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MacOS X binary compatibility on NetBSD


Emmanuel Dreyfus


Binary compatibility is the ability to run binaries from foreign
operating systems (OS) with a minimal performance penalty. It is
limited to binaries built for the same processor family. In this
presentation, we describe how binary compatibility works in NetBSD
and then we concentrate on the challenges we need to overcome in
order to execute MacOS X binaries. Finally we are going to present
the current status of the project, together with the roadmap for
the future.

The basic compatibility area functionality includes:
- Processor and OS specific trap handling
- System call number, argument, and error number remapping
- Path name conflict resolution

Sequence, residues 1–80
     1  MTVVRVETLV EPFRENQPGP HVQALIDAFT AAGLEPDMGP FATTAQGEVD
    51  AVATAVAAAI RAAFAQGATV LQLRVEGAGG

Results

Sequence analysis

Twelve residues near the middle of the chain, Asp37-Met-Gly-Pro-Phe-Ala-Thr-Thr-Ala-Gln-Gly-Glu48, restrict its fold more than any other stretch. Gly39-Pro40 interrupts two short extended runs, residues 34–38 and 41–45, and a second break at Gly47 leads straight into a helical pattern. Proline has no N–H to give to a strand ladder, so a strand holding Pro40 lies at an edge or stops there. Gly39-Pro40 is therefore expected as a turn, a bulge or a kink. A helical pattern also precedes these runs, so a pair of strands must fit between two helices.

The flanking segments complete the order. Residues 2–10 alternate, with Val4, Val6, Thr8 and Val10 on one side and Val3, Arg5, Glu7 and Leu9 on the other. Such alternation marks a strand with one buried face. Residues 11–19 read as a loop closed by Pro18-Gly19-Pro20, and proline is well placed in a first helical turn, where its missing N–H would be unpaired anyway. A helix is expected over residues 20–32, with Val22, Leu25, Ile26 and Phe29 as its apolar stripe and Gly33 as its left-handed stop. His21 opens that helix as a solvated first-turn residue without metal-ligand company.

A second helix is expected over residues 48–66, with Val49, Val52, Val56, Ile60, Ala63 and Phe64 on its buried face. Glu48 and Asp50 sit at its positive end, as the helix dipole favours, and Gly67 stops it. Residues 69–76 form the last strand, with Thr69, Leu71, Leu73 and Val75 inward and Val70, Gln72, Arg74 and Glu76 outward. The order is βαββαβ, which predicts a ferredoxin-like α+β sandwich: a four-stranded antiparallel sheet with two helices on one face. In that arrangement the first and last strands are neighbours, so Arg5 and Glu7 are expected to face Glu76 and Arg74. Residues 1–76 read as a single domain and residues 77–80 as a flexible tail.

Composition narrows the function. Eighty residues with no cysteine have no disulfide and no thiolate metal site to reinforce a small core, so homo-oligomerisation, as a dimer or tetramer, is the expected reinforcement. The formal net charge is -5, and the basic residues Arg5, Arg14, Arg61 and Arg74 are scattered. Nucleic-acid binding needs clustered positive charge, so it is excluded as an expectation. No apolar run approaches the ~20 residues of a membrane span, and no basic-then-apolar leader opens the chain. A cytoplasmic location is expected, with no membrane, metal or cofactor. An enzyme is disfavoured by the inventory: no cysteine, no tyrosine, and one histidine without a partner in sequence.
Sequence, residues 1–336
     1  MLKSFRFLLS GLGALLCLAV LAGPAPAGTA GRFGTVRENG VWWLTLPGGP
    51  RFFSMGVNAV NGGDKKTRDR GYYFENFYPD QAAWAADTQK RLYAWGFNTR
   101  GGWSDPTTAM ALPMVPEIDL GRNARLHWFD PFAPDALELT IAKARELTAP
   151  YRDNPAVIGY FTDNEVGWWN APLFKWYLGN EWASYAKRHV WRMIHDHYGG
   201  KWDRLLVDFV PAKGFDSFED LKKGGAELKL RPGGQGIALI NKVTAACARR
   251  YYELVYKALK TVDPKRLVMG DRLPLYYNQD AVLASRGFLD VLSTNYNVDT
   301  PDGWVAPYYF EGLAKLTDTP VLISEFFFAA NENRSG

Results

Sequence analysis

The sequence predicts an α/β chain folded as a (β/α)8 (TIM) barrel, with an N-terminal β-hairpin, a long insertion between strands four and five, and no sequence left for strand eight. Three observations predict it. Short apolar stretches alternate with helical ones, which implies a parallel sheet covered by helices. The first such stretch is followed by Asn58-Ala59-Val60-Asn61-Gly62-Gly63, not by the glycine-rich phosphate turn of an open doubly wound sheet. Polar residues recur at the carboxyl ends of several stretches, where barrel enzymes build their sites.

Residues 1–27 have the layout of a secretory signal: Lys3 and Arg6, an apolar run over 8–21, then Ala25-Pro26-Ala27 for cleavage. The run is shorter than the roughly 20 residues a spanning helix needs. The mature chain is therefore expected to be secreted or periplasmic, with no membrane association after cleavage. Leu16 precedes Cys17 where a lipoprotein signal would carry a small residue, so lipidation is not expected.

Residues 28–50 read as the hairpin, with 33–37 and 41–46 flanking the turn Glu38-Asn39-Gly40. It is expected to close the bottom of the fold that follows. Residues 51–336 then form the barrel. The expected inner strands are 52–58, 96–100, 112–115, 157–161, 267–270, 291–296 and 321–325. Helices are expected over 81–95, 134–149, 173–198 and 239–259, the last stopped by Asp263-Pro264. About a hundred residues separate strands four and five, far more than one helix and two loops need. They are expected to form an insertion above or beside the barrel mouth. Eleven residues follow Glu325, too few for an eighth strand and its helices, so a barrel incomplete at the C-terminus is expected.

- Signal delivery handling and mapping
- Hooks to handle process/thread creation, startup, and termination

Additional MacOS specific challenges include:
- Handling a new executable format: Mach-O
- Implementing the Mach message-passing API
- Implementing a translation layer from the various Mach server APIs
to our kernel APIs
- Emulating the IOKit API, which is used to access devices directly on
MacOS X. The IOKit has nothing in common with the historic Unix I/O
APIs which is used in NetBSD.
- Handle MacOS X Graphical User Interface (GUI) based applications.
These applications use a display system called Quartz which is
different and incompatible with traditional Unix windows systems
such as NetBSD's X Window system.

The presentation outlines the way various problems have been solved, and
it explores possible ways of dealing with yet unresolved issues.





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